A bond maturing on 01.07.2032 closed at 30.30/30.90 percent on Monday, hardly changed from Friday’s close of 30.30/80 percent.
The three-month T-bills closed at 32.75/33.25 percent on Monday almost steady from the previous close of 33.00/25 percent.
The Central Bank’s guidance peg for interbank transactions remained unchanged at 363.50 rupees against the US dollar.
Commercial banks offered dollars for telegraphic transfers between 372.00 and 372.10 for small transactions, data showed.
Buying rates are between 362.00 – 362.10 rupees.  (Colombo/Nov 14/2022)
Monday November 14, 2022 7:32 pm
Monday November 14, 2022 7:32 pm
Danushka Samarasinghe,  Chief Executive Officer/Director at Nation Lanka Equities (Pvt) Ltd
“Fears of additional taxes such as wealth tax, increase in VAT (value added tax), additional taxes on revenue etc. came to rest with the announcement of the 2023 budget proposals. Ending of uncertainty and speculation is a positive.”
“But it would have been better if there was time bounded targets for increasing government revenue from measures such as divesting state owned assets and SOEs. Just a mere mention of the intention of divestiture may not hold water. Also any significant reforms to reduce the public sector headcount was the need of the hour and seems to be omitted.”
Naveed Majeed, Senior Vice President, Asia Securities
“Investors were on the sidelines for the past couple of weeks in the anticipation of a capital gains tax on the stock market. But the absence of such a tax on the equity market will be viewed positively by the investors. But having said that, taxes that were introduced in the interim budget will go on to impact corporate performance broadly because now it’s a flat 30 percent corporate tax without any concessionary rate.”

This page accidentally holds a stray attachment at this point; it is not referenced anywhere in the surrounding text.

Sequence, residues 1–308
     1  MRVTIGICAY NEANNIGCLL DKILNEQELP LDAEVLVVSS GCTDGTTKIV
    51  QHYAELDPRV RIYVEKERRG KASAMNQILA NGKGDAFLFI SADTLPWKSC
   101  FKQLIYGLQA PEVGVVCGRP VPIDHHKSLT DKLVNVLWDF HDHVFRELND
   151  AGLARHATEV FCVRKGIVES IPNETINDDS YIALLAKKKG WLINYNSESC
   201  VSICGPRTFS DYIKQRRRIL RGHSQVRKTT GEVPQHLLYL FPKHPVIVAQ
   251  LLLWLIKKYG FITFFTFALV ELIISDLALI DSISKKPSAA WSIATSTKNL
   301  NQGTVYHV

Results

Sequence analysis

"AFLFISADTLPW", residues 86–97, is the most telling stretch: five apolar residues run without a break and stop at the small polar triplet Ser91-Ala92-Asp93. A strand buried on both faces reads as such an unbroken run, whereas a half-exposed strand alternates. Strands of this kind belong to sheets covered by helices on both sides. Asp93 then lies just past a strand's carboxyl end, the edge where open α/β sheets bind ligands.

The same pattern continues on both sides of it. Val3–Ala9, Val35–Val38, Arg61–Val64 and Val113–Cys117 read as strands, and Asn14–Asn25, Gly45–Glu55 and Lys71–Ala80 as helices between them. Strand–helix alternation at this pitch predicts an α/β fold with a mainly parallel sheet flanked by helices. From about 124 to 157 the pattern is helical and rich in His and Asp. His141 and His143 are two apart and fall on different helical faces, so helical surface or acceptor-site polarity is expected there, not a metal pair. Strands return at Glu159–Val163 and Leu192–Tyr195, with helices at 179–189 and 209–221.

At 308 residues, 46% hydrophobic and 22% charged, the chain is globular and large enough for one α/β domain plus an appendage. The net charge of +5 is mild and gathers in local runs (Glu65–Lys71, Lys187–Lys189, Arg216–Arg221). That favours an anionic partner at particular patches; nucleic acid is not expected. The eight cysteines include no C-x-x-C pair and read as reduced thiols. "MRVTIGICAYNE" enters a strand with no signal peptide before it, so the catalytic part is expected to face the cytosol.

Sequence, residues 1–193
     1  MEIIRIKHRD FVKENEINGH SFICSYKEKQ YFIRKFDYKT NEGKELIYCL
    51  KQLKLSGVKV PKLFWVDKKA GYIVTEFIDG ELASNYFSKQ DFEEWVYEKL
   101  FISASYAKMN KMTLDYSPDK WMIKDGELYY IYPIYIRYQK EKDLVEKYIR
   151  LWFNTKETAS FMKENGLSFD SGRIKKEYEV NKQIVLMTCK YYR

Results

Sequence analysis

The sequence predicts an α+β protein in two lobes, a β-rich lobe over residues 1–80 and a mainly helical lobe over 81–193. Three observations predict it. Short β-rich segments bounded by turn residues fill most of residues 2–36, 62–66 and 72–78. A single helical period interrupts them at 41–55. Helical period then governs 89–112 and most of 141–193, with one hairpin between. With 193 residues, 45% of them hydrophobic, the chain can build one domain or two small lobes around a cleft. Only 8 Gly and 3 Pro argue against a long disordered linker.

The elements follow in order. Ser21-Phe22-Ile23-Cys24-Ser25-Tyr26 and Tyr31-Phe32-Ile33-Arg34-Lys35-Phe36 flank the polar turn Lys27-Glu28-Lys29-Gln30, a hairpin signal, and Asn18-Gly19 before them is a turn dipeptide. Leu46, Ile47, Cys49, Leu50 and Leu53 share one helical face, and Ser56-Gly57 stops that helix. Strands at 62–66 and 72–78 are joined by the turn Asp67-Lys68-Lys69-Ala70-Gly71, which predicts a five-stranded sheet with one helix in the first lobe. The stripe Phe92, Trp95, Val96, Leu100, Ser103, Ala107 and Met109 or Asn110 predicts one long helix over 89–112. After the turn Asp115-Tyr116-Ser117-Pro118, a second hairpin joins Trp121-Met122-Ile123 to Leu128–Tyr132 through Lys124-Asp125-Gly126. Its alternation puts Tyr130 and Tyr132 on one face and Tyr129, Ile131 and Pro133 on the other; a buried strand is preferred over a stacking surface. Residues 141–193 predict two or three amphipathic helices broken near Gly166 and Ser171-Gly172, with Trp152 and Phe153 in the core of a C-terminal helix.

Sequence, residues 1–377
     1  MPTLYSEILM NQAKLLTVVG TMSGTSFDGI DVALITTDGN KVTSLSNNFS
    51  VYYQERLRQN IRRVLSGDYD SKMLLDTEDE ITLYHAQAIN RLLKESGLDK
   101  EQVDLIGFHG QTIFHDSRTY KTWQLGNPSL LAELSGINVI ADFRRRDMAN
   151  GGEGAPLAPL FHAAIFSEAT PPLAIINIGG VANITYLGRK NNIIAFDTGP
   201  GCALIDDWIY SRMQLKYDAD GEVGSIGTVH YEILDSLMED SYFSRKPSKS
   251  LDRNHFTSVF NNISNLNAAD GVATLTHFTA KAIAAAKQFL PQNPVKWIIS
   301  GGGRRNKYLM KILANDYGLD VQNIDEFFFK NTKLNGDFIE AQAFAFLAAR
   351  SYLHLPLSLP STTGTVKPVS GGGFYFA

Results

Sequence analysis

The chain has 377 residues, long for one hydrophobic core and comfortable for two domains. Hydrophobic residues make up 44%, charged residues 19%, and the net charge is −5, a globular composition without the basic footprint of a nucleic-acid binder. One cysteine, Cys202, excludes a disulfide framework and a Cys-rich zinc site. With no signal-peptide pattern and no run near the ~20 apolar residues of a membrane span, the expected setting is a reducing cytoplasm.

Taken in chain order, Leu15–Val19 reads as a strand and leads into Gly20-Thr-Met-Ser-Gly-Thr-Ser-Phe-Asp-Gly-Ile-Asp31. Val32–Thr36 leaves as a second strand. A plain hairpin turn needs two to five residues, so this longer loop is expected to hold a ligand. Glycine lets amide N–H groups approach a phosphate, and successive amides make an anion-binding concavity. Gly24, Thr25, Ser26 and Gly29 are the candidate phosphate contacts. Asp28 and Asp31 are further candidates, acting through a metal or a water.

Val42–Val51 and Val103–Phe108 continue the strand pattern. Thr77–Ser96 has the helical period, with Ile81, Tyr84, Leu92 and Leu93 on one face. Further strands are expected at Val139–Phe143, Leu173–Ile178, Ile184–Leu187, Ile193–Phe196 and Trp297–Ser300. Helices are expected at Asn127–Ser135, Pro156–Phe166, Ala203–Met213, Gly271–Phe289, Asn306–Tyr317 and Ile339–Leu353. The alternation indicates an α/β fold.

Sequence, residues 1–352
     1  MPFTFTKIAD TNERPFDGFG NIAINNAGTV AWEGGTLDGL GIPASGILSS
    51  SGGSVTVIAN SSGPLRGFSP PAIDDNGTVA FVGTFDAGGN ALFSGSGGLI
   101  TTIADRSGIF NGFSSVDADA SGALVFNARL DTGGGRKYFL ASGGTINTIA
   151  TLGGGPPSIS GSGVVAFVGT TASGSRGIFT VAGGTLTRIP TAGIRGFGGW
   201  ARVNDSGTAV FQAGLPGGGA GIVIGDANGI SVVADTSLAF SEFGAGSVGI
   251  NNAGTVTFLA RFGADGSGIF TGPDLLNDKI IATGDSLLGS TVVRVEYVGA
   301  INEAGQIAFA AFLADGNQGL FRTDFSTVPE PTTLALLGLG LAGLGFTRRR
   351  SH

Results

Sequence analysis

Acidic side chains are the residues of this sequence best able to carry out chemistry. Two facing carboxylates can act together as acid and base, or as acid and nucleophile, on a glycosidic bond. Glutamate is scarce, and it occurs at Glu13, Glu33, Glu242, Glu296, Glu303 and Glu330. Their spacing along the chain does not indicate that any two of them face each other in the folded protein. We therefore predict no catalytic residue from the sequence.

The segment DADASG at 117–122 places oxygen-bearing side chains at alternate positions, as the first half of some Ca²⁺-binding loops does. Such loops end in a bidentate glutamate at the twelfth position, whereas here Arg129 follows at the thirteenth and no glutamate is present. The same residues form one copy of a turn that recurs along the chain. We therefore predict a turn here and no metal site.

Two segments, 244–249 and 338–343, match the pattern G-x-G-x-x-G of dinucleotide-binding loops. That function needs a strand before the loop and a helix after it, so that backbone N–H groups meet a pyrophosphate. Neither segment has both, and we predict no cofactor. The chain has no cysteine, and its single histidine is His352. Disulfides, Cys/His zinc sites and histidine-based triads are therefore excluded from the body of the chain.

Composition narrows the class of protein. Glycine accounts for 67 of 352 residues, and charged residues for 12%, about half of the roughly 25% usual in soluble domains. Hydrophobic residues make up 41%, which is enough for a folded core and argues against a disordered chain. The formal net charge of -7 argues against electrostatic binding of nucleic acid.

“From a tax impact, we are going to see the disposable income being squeezed and then you are going to see an impact on demand which will impact corporate and finally the high-interest rates. While this might be one of the investment areas not being taxed, on the other hand, we are going to see corporate earnings being at risk.
Finally, it’s not going to be an entire index run but specific rather its going to be specific companies that are resilient that investors need to position for.
Dimantha Mathew, Head of Research at First Capital
“In terms of investor sentiments, there was nothing related to securities…There was only a mention of reducing para-tariffs in the long term…Which is a good thing,”
“I don’t think there would be a major reaction in the market because the budget that was presented today did not have any direct.”
Professor W. Wimalaratana, President of Sri Lanka Economic Association
“As a document, the budget is good and this is not an exceptional budget. Even in the past, when you are looking at budget speeches, budget documents all those were really attractive. When you are going to deliver, there will be a lot of issues. Supplementary budgets will be presented to the parliament because of allocated money is not sufficient.”
“When we look at the current economic crisis situation, this should be an exceptional budget. The main focus should be to expand the revenue of the government while reducing expenses. When we look at the budget there are no sufficient concrete strategies to increase the government revenue. Also privatization has been included.”
Sujata Gamage, Senior Research Fellow, LIRNEasia 
“They are opening another few medical colleges. It is amazing I mean we keep producing these doctors for the foreign market. We need a higher education responsibility act. The relative amounts for higher education and school education has changed over the years the relative percentage for higher education has increased.”
“We need quality education. But right now we are paying for paper qualifications. I remember in 2003 World Bank noted that we spent more on higher education as percentage of education budget than the normal.” (Colombo/Nov14/2022)